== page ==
Kite Flying

Children are like kites.  You spend years trying to get them off the ground. You run with them until you are both breathless. They crash … they hit the roof …
you patch, comfort and assure them that someday they will fly.

Finally, they are airborne. They need more string, and you keep letting it out. They tug, and with each twist of the twine, there is sadness that goes with joy.

The kite becomes more distant,
and you know it won’t be long
before that beautiful creature will snap
the lifeline that binds you together
and will soar as meant to soar
… free and alone.

Only then do you know that you have done your job.

~~ Author Unknown ~~

Tuesday morning, very (very) early, we sent our son and his wife flying off to Thailand for a long visit with my daughter in law’s family.  As we said our goodbyes, it struck me how familiar this process has become.

“I never would have imagined it,” I said to Jim as we drove away, the sun rising at our backs, “never would I have believed we’d have done this so much.”

Yes indeed, my son is quite a traveler.  He moved far away from home right out of high school, and never came back.  He’s traveled countless times between Florida and Michigan, also to California, Hawaii, Australia, and now to Thailand for the fifth (I think -see, I’m losing track) time.  His frequent flier miles far outweigh mine, and he’s just 28 years old.

So we’re quite familiar with saying goodbye at airport curbs. 

That doesn’t mean I’m completely comfortable with it.  After all, I wasn’t raised to be a traveler – far from it.  Many of the people in my family harbor a pathological fear of leaving home.  My grandmother, her sister, and my own mother, have some deeply laden fear that if they go away from home, something awful will happen.  Granted, the only one of my grandmother’s sisters to leave the family home did contract tuberculosis, which was ultimately responsible for her death, as well as the death of another sister and their father.  So perhaps there were grounds for their fears after all.  And as far as I was concerned – well, let’s just say the kite strings were always kept pretty tightly wound.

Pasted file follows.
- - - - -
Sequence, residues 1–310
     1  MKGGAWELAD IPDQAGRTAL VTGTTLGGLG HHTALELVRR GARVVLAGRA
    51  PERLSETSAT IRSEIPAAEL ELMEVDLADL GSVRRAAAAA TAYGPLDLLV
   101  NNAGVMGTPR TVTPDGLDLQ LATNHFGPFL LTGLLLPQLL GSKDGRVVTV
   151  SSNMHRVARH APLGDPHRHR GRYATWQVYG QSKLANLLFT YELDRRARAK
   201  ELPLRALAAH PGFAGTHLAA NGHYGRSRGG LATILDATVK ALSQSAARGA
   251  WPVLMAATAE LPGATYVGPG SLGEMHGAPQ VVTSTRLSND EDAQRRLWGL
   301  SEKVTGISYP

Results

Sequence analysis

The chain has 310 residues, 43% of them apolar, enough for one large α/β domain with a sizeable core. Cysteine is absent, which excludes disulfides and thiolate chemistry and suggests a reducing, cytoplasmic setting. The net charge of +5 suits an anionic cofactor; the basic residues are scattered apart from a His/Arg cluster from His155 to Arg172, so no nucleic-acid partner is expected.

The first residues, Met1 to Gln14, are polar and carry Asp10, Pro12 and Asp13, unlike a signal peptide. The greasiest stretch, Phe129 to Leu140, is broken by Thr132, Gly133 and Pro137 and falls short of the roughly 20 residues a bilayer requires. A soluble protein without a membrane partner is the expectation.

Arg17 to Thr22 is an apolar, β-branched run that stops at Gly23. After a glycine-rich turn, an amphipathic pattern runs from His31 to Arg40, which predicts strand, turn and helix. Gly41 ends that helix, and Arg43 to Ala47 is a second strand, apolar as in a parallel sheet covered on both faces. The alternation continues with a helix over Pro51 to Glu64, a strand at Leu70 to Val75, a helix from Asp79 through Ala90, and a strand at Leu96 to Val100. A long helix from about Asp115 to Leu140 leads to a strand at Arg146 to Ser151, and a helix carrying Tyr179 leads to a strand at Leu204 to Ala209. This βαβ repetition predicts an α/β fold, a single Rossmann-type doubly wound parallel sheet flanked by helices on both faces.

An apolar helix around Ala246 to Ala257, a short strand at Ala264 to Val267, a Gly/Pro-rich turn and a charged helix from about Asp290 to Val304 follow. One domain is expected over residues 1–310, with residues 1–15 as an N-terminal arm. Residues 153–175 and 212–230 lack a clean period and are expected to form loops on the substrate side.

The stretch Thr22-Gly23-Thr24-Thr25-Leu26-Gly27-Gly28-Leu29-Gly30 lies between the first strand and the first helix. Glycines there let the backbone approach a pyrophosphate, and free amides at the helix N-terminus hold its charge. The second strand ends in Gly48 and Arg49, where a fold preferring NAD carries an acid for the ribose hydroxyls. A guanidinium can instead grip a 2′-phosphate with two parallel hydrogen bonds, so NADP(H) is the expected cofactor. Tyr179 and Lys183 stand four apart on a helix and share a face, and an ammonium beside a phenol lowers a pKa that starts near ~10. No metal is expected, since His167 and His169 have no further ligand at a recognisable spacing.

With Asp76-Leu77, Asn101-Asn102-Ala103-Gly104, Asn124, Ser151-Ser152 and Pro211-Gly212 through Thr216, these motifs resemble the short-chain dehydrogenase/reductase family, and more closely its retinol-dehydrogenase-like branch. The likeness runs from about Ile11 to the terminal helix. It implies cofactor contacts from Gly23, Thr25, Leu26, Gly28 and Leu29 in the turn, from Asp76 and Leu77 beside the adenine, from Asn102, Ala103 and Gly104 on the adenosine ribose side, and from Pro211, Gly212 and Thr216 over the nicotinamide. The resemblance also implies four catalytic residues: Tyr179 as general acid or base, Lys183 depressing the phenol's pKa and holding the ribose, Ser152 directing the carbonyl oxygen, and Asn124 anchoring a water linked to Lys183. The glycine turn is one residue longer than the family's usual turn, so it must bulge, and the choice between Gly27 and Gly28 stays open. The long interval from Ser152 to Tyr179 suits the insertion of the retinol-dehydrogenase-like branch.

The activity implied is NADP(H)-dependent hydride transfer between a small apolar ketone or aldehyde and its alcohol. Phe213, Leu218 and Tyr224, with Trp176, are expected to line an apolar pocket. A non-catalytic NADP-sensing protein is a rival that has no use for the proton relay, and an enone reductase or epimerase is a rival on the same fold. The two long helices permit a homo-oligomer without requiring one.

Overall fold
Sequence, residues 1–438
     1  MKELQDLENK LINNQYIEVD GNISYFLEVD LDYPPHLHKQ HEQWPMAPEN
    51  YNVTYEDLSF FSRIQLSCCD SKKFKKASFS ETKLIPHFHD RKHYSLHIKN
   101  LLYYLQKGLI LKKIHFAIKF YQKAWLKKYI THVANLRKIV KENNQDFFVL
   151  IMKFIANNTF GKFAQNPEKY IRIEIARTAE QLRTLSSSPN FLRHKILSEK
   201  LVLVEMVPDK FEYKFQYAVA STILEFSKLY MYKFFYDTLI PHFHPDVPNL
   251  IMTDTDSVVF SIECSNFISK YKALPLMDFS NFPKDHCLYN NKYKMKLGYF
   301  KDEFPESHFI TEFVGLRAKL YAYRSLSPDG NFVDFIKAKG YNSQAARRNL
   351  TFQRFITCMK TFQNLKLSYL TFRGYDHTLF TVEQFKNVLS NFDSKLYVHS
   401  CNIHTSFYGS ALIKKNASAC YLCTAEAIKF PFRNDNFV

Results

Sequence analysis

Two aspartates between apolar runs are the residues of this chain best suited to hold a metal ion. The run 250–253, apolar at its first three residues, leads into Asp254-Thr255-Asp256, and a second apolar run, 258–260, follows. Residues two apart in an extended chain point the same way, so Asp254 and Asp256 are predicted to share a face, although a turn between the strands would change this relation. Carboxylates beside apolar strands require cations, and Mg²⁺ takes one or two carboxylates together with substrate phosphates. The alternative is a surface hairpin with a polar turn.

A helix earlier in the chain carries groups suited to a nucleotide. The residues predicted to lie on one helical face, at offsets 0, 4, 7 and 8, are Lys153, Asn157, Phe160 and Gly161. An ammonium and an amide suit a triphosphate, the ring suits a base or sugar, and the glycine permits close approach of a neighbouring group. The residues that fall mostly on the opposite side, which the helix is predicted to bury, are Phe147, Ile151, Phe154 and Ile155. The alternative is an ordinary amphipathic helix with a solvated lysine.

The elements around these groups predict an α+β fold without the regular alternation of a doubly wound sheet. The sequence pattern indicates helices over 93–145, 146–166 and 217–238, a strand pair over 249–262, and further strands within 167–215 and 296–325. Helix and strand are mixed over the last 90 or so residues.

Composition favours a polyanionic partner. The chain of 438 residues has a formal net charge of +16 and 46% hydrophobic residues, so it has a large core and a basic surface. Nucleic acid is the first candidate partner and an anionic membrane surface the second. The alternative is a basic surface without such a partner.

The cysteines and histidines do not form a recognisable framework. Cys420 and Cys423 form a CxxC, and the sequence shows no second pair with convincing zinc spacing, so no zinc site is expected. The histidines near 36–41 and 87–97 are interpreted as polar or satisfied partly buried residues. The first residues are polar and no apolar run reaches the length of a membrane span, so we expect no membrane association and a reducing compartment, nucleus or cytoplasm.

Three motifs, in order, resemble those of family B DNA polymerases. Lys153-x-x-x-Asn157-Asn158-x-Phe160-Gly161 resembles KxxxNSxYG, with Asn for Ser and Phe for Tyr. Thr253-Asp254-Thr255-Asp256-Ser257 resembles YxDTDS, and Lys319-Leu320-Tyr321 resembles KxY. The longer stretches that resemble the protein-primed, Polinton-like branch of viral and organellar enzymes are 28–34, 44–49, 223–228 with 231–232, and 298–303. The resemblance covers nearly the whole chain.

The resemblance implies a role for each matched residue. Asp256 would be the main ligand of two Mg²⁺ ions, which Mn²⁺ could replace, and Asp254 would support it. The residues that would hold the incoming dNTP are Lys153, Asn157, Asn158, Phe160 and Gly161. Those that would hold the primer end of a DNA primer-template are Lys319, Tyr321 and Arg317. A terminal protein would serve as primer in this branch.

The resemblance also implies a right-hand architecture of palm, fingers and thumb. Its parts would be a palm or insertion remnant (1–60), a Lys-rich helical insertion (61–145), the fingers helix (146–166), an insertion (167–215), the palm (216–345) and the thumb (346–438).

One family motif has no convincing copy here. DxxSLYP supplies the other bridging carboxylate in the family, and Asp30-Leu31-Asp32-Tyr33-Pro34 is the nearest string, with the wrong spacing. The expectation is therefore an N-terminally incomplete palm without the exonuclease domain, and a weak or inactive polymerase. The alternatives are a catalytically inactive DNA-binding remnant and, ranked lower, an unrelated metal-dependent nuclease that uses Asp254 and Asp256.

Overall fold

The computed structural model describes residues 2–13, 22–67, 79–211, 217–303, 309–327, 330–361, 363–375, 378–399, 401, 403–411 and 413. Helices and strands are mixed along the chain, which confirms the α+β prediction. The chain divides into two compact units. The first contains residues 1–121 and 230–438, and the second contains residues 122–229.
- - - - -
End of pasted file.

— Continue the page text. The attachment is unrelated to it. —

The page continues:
My friend Pat gave me a copy of the “Children Are Like Kites” poem, just before Brian went to Florida for college. 

“You need this now,” she told me.  “You need to know that as hard as this is, you’re doing your job.”

I really believe that’s true.  I believe the hardest thing about being a parent, is also the most important thing. Giving children freedom to “soar as they are meant to soar-free and alone.”  Certainly not abandoning them, just allowing the bond enough elasticity so they can stretch and reach the places they were meant to reach, but can quickly snap back if they need to. 

Really, all Brian’s traveling is about more than going places.  It’s about having the courage (his courage and my courage) to move out into the world, try new things, open yourself to new people and experiences.  Trusting yourself, having confidence in yourself.